North Korea's decision to wage war on its burgeoning merchant class by reasserting state control over the economy could turn out to be a rare misstep for Kim Jong-il that poses risks to his iron grip over the hermit state.
Kim may be looking to keep the masses in check through more repression, give quasi-state firms run by his supporters a boost by wiping out competition and secure capital to pay for an ambitious campaign to build "a prosperous nation" by 2012.
The moves include lopping two noughts off the value of the won, which cut the worth of savings to a hundredth unless, according to one report, they are deposited in state banks.
It also banned the use of foreign currency, a move likely aimed at merchants who operate outside the centrally planned economy, often by purchasing goods in China in dollars, euros and yuan.
The North also upgraded the status of a city it has designated as a foreign investment zone, in what may be another attempt to gain control of the faltering economy.
"The North Korean currency reform is an economically misguided initiative that will reduce the welfare of North Korean residents," economists Marcus Noland and Stephan Haggard wrote in a paper for the Peterson Institute for International Economics.
"Preliminary signs suggest the regime is leaving nothing to chance and that heightened repression is a central feature of the new economic controls," they said.
The North Korean economy has taken hits from fresh U.N. sanctions imposed after its nuclear test last May. It has also lost handouts from the South due to wrangling over Pyongyang's atomic ambitions that were once worth more than $1 billion a year for the country with an estimated annual GDP of $17 billion.
North Korea's market-based economy grew after a famine in the late 1990s killed an estimated 1 million of the country's then 22 million people as citizens saw state distribution systems as failures and turned to merchants for necessities.
Troubles for Kim
The currency moves have raised the real prices even higher for essentials impoverished North Koreans were already having trouble buying due to persistent inflation and reduced the few goods they can buy by restricting external trade with China.
Merchants risked imprisonment for operating outside of the state economy if they drew attention to themselves by converting large cash holdings in the small window North Korea allowed people to change over money, which likely led to considerable losses for those selling food, clothes and appliances.
Noland said in a separate interview that the North's leaders could face problems if they tried to enforce the foreign currency ban on military and security offices, which run quasi-state businesses that funnel funds to the leaders of those groups.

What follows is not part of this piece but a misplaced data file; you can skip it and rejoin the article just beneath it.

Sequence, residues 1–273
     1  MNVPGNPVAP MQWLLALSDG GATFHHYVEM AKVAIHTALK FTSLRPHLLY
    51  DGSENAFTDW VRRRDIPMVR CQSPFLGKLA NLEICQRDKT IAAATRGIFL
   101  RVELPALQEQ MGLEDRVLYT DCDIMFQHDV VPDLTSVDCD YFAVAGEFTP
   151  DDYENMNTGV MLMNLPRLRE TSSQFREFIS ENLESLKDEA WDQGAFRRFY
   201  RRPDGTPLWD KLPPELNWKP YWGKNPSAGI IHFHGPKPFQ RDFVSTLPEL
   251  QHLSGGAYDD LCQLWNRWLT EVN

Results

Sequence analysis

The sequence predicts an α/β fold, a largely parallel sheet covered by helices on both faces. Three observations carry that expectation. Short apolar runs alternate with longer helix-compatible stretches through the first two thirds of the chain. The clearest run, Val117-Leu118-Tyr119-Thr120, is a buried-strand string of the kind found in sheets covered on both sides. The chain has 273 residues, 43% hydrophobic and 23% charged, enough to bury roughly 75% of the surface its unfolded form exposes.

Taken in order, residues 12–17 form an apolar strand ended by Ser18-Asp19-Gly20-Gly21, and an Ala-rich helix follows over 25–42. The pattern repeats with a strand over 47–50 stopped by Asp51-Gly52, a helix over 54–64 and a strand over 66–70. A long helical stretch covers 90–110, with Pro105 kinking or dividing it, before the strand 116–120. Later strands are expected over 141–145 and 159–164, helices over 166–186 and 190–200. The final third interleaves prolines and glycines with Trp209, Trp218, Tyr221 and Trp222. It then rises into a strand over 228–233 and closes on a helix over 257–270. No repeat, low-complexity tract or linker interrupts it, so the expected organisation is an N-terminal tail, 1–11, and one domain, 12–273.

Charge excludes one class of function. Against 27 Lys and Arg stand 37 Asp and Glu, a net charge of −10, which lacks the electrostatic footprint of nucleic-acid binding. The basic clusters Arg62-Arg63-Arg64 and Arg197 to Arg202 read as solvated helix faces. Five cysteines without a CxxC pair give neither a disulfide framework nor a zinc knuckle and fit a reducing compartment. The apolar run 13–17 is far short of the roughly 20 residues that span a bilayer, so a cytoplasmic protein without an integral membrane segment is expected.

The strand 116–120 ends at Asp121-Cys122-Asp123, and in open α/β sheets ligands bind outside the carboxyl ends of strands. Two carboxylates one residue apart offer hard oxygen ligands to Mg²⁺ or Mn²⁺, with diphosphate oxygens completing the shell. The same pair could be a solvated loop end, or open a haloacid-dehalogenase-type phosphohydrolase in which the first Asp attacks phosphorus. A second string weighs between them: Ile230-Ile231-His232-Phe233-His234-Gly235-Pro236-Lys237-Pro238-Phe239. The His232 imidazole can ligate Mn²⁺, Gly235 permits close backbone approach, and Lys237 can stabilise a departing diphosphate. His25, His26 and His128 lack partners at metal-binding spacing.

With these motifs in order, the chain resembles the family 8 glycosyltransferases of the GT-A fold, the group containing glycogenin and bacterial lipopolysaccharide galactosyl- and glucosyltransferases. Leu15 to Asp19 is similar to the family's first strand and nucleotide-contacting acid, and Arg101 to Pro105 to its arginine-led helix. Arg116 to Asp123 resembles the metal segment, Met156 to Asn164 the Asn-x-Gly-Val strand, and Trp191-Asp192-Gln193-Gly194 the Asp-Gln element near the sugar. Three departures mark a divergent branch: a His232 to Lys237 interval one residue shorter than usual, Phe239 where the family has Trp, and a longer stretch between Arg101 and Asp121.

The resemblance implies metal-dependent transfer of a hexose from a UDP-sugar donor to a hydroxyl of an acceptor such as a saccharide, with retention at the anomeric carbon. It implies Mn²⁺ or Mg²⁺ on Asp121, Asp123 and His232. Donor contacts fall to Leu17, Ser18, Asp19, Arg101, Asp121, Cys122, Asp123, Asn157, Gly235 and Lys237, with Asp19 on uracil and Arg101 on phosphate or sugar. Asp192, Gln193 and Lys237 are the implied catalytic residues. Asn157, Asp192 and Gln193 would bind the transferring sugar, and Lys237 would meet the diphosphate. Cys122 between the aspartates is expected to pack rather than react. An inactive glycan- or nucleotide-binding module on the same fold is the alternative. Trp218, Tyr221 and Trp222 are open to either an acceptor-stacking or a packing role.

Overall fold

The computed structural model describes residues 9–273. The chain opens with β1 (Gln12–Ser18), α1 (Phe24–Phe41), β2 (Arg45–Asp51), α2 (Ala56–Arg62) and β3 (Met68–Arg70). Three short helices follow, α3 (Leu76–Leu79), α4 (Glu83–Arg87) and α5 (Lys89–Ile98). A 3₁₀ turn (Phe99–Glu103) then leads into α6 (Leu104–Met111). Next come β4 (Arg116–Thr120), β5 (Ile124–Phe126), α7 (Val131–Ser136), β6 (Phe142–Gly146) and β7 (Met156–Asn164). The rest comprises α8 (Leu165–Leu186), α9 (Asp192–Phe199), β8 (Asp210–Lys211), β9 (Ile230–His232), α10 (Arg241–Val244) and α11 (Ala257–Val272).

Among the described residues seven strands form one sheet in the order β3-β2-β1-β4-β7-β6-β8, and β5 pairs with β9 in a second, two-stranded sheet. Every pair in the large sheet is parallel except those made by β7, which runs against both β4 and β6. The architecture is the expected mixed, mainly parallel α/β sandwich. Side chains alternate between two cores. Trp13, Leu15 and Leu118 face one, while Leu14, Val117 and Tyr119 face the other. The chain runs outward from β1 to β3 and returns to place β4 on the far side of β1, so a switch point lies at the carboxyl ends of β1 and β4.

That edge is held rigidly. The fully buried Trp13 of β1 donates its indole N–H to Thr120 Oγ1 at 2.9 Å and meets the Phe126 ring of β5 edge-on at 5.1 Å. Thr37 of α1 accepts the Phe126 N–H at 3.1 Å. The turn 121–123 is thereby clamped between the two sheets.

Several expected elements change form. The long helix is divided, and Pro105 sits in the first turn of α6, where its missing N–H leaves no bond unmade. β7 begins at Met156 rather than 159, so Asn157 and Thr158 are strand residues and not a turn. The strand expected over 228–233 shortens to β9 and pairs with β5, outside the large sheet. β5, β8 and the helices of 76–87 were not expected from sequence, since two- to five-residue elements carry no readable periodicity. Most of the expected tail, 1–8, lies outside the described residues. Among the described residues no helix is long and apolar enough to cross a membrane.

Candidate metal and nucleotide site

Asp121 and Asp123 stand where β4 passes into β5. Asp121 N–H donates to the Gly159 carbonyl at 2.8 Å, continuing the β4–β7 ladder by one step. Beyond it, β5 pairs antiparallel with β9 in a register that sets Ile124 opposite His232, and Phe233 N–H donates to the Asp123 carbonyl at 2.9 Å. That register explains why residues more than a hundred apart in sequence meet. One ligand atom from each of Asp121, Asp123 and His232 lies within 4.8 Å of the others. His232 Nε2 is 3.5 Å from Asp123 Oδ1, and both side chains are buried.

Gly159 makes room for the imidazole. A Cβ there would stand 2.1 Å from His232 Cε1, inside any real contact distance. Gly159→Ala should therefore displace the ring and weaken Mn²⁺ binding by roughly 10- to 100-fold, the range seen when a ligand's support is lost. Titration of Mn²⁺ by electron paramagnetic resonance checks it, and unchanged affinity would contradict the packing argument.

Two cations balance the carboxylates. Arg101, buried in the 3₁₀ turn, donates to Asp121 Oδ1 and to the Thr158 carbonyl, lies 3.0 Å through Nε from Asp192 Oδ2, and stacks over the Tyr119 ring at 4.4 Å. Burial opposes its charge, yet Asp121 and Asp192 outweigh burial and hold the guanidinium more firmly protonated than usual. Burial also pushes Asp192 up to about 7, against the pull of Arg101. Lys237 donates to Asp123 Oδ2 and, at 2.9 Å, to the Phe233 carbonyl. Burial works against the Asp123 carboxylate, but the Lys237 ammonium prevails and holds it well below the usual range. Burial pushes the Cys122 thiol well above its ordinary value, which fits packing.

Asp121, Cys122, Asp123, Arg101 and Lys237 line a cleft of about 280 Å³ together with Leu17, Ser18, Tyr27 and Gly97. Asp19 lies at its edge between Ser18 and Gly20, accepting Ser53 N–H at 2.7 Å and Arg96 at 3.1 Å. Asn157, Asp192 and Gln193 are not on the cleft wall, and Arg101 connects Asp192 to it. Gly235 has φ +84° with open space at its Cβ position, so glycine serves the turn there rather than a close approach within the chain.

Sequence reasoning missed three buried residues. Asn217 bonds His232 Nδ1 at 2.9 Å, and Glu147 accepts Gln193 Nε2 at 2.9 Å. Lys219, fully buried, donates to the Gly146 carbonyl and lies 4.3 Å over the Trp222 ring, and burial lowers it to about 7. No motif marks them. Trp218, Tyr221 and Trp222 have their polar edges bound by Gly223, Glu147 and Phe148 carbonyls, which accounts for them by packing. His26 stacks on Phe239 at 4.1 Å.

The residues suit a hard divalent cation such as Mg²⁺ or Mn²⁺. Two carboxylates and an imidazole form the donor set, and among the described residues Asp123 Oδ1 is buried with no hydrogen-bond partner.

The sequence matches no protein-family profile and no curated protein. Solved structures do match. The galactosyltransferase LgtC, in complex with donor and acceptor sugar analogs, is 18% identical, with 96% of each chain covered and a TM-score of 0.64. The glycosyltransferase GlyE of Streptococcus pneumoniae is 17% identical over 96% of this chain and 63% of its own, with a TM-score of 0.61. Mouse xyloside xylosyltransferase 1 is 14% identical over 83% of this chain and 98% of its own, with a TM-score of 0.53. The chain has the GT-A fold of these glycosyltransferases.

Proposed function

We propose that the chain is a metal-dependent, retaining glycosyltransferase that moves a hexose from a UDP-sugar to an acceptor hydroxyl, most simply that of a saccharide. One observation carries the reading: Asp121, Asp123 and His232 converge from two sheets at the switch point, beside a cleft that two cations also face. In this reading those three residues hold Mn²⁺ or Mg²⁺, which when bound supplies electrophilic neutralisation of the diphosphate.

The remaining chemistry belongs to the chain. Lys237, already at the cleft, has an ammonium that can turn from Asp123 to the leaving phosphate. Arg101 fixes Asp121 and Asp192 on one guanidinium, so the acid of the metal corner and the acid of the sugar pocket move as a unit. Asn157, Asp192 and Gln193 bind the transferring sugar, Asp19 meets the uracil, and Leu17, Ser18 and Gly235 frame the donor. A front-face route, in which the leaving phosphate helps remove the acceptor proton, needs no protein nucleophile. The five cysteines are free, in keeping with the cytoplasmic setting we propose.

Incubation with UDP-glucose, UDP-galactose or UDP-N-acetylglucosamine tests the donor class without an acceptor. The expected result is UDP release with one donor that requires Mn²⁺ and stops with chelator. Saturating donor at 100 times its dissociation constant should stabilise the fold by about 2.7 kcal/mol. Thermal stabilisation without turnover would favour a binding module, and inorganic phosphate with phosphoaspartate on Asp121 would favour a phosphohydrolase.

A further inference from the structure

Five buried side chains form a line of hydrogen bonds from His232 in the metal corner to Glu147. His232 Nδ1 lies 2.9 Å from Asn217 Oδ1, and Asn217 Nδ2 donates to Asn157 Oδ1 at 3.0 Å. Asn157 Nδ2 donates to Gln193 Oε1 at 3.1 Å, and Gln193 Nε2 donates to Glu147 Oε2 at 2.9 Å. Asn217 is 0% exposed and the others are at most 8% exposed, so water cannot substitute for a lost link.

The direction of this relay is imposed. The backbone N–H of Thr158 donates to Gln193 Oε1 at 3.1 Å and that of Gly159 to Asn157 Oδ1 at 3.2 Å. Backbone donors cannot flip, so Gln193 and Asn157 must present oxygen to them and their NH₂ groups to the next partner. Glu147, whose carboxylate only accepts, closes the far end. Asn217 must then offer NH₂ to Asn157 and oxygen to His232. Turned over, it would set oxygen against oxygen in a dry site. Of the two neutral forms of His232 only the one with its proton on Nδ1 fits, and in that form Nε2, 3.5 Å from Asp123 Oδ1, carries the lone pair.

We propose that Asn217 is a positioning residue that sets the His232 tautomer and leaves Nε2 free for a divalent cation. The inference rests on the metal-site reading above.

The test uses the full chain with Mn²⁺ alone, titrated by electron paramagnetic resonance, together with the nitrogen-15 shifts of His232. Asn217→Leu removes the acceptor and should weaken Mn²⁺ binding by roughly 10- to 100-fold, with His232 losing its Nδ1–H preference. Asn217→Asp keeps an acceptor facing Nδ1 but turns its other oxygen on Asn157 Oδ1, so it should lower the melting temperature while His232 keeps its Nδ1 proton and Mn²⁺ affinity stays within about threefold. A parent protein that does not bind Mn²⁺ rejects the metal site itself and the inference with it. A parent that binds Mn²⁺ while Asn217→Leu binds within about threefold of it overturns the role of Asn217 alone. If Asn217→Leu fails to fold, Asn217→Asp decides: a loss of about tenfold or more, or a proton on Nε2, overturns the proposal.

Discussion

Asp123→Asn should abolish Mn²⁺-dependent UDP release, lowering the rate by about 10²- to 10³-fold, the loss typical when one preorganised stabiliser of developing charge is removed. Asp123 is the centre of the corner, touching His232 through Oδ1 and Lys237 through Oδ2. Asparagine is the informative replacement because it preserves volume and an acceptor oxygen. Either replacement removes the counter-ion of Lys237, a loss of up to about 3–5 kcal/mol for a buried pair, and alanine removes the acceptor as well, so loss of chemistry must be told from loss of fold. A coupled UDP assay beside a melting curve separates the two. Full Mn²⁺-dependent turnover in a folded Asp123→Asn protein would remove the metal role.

"If you look at North Korea, there are no civil society institutions capable of channelling mass discontent," he said.
"The one real chance for political instability is if they try to enforce the ban on foreign exchange for the military and security services."
The North has been able to stamp out dissent through regular purges of its leadership, a suffocating internal spy network and a massive political prison system where anyone thought to be working against the state is jailed, often with their families.
North Korea's authoritarian institutions are such that it has never seen mass protests or a noted dissident class.
"The first public rallies we see in North Korea will not be about freedom or democracy, but they will be about livelihood," said Kay Seok, a researcher in the Asian Division for Human Rights Watch in Seoul.
For the past five years, North Korea has been trying to exert more influence over the economy, which has only grown weaker since Kim Jong-il took over in 1994 due to mismanagement.
The recent measures appear to be linked to Kim's plans, highly touted at home, to turn North Korea into a "great and prosperous state" and to help him win support to name his youngest son as successor to Asia's only communist dynasty, analysts have said.
It will not be easy for Kim, 67, who was groomed for about 20 years before taking over when his father and state founder Kim Il-sung died in 1994, to anoint his son Kim Jong-un as successor.
Jong-un has never been mentioned in official media and he has yet to establish firm support with the powerful military and ruling Workers' Party.
"The (currency) measure has significantly strengthened the regime's control over the economy and the people for the time being," said Park Hyeong-jung at the Korea Institute for National Unification.
But Kim is fighting a losing battle, Park said.
In a sign the currency plan may have met with resistance, authorities in the North appeared to have had to hand out bigger cash benefits to certain groups of workers, Park said. This was done in response to what groups in South Korea said was anger at the currency move and a loss in purchasing power.
Park and others said the market economy will resurface because North Koreans need it to survive.
"The world is passing by like water in a large river and what the North Korean leaders have been doing amounts to trying to build a dam by throwing stones into the current," Park said.